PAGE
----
Zhang attributed the delay to Comac's “present level of technological expertise and experience in building commercial aircraft,” an assessment that squares with the long-standing view of industry officials familiar with the program.
But that is not the whole story. For a start, Comac should not be so inexperienced, because it was supposed to have gained knowledge and experience with the ARJ21. The shaky C919 progress bolsters arguments of Chinese industry executives that the country has been moving too fast. In their view, China should have launched a turboprop airliner early last decade, instead of the ARJ21, then a regional jet followed by something like the C919. Compounding the error, the C919 was launched when the ARJ21 was years from certification.
Some people with insight into the C919 program say Comac has a remarkable amount of money and talented engineers that it liberally throws at problems. Others say that not enough trained personnel are available. “For each major system, they have a few relatively good people,” says an industry official. “But many more are needed.” Also, the ARJ21's struggles have drawn away key people.
Perhaps comparable with inexperience and the engineering shortage is the problem of Comac's governmental culture. Delegation is not well practiced in the Chinese state, and Comac managers often prefer to push decisions to their superiors. Groups working on disparate C919 systems are not always interacting as well as they should be with each other. Last year Comac acted on that problem by appointing managers with responsibility across several systems. Avic, an older organization, suffers from the same culture, but Comac was supposed to be more modern. Insiders say it is worse, because the C919 is a national and therefore political project.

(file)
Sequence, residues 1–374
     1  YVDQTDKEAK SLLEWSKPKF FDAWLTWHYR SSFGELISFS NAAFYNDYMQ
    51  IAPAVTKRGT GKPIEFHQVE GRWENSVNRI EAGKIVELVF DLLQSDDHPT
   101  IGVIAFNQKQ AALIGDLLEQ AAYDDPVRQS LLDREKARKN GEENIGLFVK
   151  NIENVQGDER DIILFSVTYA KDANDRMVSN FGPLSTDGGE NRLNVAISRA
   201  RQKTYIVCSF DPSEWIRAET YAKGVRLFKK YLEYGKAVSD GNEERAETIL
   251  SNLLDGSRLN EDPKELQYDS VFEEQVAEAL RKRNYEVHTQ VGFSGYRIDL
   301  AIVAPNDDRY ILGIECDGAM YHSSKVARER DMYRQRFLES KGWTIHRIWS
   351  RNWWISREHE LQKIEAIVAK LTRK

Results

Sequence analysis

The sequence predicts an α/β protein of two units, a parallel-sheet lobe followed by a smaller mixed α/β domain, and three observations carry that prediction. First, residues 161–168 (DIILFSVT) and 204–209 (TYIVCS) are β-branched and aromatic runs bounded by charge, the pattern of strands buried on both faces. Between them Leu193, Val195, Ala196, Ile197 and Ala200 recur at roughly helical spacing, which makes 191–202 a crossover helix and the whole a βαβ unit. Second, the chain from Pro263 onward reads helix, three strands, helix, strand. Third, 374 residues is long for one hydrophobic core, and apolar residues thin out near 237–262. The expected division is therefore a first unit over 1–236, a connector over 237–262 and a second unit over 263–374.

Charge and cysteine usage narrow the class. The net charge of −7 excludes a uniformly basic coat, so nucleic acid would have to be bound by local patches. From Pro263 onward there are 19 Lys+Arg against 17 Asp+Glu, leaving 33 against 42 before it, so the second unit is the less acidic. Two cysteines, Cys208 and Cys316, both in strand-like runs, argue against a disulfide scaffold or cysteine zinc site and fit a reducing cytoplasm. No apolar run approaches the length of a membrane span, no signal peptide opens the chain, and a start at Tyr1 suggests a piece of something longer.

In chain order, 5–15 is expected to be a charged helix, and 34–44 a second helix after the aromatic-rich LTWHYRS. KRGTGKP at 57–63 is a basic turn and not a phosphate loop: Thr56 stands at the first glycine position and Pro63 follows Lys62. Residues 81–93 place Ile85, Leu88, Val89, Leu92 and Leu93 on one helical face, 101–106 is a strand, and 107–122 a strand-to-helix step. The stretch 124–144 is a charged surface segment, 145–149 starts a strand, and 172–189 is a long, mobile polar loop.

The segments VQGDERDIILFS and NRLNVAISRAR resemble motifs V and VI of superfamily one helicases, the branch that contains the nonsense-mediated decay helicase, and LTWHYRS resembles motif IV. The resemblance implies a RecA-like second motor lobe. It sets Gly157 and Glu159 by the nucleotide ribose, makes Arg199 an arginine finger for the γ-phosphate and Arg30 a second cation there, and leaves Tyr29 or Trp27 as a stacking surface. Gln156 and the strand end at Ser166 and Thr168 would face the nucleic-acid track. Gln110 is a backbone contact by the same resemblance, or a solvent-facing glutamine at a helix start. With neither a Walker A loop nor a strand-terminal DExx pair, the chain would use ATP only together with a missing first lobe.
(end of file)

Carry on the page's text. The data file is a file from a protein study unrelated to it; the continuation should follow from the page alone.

The program was late in supplier selection and then very slow in contracting with the suppliers, though they generally moved ahead without agreements. Detail design and fixing the structural layout of the aircraft have been delayed. As late as the first half of this year the center wingbox was changed from composite to conventional aerospace aluminum construction, and Comac had still not chosen a material for the fuselage. The new metal wing box was ready, however.
Some C919 suppliers have been quite late in meeting targets. In some cases that was because they underestimated the time they would take to form required joint companies with divisions of Avic; that held up the systems the joint companies would produce. The program has also been slow to define the system interfaces, which suppliers need to finalize designs.
As a Chinese state agency, Comac has been declaring milestones passed and targets achieved even though not all work has been performed. The preliminary design review of the C919 was declared complete in December 2011 when important issues still remained to be sorted out; some aspects of the approved design were later changed. Suppliers' work has been reassigned.
The Civil Aviation Administration of China (CAAC) has been slow at times. For example, it must perform conformity inspections, ensuring that parts and systems meet specifications and match drawings. The FAA will not yet routinely endorse the Chinese certification, so the CAAC must take the time to notify the U.S. safety agency of conformity inspections. Also, Chinese documents need translation for the FAA.
Comac is aiming at completing ARJ21 flight-testing by the end of the year, leaving six months for further certification work. “There seem to be no major problems,” says an industry official. Another, agreeing, says the development schedule has been realistic since last year, when the 2014 target was set. The third volume-production ARJ21 is now under assembly and should be completed by the end of the year. Comac has ordered equipment for 20 production aircraft.